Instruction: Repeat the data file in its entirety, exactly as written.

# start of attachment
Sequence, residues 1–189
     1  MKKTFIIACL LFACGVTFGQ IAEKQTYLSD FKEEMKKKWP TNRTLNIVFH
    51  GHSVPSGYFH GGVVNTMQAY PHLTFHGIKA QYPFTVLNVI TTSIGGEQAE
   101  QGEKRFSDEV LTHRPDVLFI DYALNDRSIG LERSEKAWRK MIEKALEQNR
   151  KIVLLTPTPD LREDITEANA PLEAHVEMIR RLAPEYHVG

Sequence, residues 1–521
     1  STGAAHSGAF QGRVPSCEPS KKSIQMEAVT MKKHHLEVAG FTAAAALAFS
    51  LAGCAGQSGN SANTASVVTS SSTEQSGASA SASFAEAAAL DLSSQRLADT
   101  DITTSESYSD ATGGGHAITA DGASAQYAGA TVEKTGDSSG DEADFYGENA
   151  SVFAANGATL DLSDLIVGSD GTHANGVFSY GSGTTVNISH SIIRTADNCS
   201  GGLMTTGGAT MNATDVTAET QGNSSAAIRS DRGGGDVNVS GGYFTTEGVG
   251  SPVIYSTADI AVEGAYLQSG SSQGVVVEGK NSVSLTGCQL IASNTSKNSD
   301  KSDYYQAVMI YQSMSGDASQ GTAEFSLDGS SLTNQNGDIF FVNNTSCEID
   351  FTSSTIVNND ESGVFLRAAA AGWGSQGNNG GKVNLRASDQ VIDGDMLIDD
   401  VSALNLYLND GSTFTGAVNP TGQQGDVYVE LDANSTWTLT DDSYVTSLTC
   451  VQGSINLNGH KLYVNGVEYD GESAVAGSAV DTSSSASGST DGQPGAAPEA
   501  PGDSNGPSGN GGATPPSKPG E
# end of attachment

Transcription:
Sequence, residues 1–189
     1  MKKTFIIACL LFACGVTFGQ IAEKQTYLSD FKEEMKKKWP TNRTLNIVFH
    51  GHSVPSGYFH GGVVNTMQAY PHLTFHGIKA QYPFTVLNVI TTSIGGEQAE
   101  QGEKRFSDEV LTHRPDVLFI DYALNDRSIG LERSEKAWRK MIEKALEQNR
   151  KIVLLTPTPD LREDITEANA PLEAHVEMIR RLAPEYHVG

Sequence, residues 1–521
     1  STGAAHSGAF QGRVPSCEPS KKSIQMEAVT MKKHHLEVAG FTAAAALAFS
    51  LAGCAGQSGN SANTASVVTS SSTEQSGASA SASFAEAAAL DLSSQRLADT
   101  DITTSESYSD ATGGGHAITA DGASAQYAGA TVEKTGDSSG DEADFYGENA
   151  SVFAANGATL DLSDLIVGSD GTHANGVFSY GSGTTVNISH SIIRTADNCS
   201  GGLMTTGGAT MNATDVTAET QGNSSAAIRS DRGGGDVNVS GGYFTTEGVG
   251  SPVIYSTADI AVEGAYLQSG SSQGVVVEGK NSVSLTGCQL IASNTSKNSD
   301  KSDYYQAVMI YQSMSGDASQ GTAEFSLDGS SLTNQNGDIF FVNNTSCEID
   351  FTSSTIVNND ESGVFLRAAA AGWGSQGNNG GKVNLRASDQ VIDGDMLIDD
   401  VSALNLYLND GSTFTGAVNP TGQQGDVYVE LDANSTWTLT DDSYVTSLTC
   451  VQGSINLNGH KLYVNGVEYD GESAVAGSAV DTSSSASGST DGQPGAAPEA
   501  PGDSNGPSGN GGATPPSKPG E